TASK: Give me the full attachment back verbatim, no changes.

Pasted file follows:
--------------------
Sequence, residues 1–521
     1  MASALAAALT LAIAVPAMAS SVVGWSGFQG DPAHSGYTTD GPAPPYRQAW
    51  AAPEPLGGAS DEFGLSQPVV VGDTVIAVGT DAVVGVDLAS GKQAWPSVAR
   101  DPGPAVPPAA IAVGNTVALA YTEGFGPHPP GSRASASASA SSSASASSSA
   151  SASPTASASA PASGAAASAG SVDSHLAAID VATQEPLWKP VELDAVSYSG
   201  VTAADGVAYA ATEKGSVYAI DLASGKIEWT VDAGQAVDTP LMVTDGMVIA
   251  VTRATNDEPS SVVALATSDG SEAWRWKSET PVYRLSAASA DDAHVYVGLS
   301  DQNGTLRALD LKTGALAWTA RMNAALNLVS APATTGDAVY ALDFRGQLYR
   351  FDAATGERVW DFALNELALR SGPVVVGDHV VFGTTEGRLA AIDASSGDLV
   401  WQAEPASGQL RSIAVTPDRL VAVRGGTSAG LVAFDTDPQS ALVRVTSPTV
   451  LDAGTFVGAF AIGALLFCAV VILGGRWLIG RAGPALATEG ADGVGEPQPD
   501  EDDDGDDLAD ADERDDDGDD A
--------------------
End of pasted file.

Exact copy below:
Sequence, residues 1–521
     1  MASALAAALT LAIAVPAMAS SVVGWSGFQG DPAHSGYTTD GPAPPYRQAW
    51  AAPEPLGGAS DEFGLSQPVV VGDTVIAVGT DAVVGVDLAS GKQAWPSVAR
   101  DPGPAVPPAA IAVGNTVALA YTEGFGPHPP GSRASASASA SSSASASSSA
   151  SASPTASASA PASGAAASAG SVDSHLAAID VATQEPLWKP VELDAVSYSG
   201  VTAADGVAYA ATEKGSVYAI DLASGKIEWT VDAGQAVDTP LMVTDGMVIA
   251  VTRATNDEPS SVVALATSDG SEAWRWKSET PVYRLSAASA DDAHVYVGLS
   301  DQNGTLRALD LKTGALAWTA RMNAALNLVS APATTGDAVY ALDFRGQLYR
   351  FDAATGERVW DFALNELALR SGPVVVGDHV VFGTTEGRLA AIDASSGDLV
   401  WQAEPASGQL RSIAVTPDRL VAVRGGTSAG LVAFDTDPQS ALVRVTSPTV
   451  LDAGTFVGAF AIGALLFCAV VILGGRWLIG RAGPALATEG ADGVGEPQPD
   501  EDDDGDDLAD ADERDDDGDD A